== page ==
It appears the UK is breaking up with coal for the first time in its 140-year love affair. The nation made its relationship status official earlier this week after producing a record 55 hours of electricity without burning any coal.
It’s part of the government’s plan to switch off all coal plants by 2025 (unless they are fitted with carbon capture technology) and reduce carbon and greenhouse gas emissions by 80 percent of 1990 levels over the next three decades.
A decade ago, the UK Parliament enacted the Climate Change Act that committed to reducing the nation’s carbon footprint. As a result, the Committee on Climate Change (CCC) was created to ensure targets are “evidence-based and independently assessed”. Their efforts seem to have been working.
In 2017, greenhouse gas emissions fell by 3 percent as coal use dropped and renewable investments continued to climb. With more offshore wind turbines installed than any other country in Europe and the increasing capacity of the field of solar panels to meet more and more of Britain’s demand for power, last month the two produced more electricity than nuclear for the first time in UK history.
An analysis by Carbon Brief shows the UK’s CO2 emissions fell by 5.8 percent in 2016 following a record 52 percent reduction in coal use. Figures from the Department for Business, Energy and Industrial Strategy analyzed by the Climate Action Program show that coal now only accounts for 5.3 percent of primary energy consumption in the UK, down from 22 percent in 1995.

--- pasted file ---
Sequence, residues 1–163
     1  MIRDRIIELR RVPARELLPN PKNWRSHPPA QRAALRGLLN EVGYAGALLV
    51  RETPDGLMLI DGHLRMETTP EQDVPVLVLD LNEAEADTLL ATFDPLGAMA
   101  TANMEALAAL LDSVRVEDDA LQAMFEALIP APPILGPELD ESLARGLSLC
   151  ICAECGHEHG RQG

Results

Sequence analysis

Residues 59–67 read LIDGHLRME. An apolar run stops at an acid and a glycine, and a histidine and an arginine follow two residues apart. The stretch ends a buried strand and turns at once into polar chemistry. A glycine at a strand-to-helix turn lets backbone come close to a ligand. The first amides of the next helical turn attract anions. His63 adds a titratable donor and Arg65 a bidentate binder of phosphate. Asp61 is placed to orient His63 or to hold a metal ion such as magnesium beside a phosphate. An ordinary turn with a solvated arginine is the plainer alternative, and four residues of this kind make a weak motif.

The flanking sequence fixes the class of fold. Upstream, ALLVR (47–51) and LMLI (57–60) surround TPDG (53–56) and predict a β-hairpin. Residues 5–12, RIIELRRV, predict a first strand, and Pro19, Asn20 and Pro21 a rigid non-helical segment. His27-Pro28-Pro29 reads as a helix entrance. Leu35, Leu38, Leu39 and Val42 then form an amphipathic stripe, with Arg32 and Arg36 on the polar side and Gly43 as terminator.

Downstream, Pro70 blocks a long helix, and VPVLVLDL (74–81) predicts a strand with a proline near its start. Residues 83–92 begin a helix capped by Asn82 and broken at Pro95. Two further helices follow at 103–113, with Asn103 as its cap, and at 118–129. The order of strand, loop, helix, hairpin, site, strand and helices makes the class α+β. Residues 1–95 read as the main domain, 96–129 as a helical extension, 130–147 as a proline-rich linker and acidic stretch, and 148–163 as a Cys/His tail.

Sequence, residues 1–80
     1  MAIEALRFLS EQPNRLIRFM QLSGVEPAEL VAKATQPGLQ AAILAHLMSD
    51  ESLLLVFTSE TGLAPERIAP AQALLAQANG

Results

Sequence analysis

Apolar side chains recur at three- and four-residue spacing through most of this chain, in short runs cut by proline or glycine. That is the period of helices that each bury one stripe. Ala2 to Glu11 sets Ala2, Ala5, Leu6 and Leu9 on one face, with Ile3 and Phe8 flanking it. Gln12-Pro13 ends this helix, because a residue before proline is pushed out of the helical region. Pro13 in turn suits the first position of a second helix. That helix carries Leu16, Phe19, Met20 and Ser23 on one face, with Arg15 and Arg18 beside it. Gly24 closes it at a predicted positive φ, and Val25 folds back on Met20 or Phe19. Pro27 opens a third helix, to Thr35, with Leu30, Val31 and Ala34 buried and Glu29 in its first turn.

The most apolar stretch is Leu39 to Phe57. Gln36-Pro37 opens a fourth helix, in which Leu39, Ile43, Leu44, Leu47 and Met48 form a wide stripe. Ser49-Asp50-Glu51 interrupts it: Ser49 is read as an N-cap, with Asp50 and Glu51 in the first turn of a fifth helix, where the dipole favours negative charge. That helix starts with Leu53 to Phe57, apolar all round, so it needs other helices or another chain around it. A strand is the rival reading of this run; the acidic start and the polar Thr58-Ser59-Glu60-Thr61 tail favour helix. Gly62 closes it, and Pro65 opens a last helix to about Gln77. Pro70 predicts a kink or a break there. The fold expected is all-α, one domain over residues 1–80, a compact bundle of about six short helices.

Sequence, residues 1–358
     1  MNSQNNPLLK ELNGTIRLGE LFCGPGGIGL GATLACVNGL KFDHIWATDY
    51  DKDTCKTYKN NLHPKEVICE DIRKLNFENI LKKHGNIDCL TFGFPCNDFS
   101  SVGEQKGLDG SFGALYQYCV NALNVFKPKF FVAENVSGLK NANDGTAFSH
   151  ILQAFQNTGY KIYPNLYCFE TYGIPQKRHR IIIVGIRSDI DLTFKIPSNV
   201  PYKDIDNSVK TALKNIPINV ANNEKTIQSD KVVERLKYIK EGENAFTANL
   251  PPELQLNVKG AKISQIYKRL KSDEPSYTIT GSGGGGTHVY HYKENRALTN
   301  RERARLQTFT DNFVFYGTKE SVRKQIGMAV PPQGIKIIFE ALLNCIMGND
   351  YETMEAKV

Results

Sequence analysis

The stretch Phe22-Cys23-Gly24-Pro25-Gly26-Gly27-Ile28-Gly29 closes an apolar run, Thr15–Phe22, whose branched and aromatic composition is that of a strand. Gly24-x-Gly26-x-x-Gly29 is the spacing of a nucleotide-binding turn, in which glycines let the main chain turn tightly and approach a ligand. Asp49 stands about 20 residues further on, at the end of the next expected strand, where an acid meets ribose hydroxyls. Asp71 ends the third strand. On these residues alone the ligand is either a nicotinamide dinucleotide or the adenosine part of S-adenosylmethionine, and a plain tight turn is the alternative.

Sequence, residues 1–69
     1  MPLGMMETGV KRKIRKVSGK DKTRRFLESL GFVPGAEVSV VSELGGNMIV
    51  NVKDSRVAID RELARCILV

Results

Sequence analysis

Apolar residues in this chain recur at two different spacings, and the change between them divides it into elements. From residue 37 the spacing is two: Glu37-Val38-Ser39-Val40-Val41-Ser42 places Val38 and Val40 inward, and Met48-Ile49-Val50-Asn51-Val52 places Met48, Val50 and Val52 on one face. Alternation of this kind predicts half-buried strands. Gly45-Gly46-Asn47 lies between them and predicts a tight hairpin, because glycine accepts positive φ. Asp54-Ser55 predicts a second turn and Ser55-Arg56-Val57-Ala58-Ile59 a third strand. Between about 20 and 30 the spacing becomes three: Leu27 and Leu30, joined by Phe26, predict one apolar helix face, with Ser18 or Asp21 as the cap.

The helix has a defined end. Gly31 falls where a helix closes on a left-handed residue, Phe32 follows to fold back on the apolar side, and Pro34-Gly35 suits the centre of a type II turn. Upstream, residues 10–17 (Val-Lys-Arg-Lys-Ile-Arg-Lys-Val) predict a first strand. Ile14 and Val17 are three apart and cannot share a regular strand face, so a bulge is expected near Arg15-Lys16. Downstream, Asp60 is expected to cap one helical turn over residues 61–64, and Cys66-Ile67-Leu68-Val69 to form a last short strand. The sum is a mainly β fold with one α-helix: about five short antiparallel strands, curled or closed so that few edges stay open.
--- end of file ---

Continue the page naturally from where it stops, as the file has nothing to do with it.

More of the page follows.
While the British government has divested resources from coal endeavors, President Trump has made it a mission to reinvest in the industry. Early last year, he repealed the Obama-era Stream Protection Rule that restricted coal companies from dumping waste in streams. It seems like the rest of the world is ready to move on regardless. A coalition of more than two dozen countries – known collectively as COP23 – has joined together in a mission to phase out the use of coal and instead invest in clean power due to the negative health effects of air pollution from burning coal, like respiratory diseases and premature death.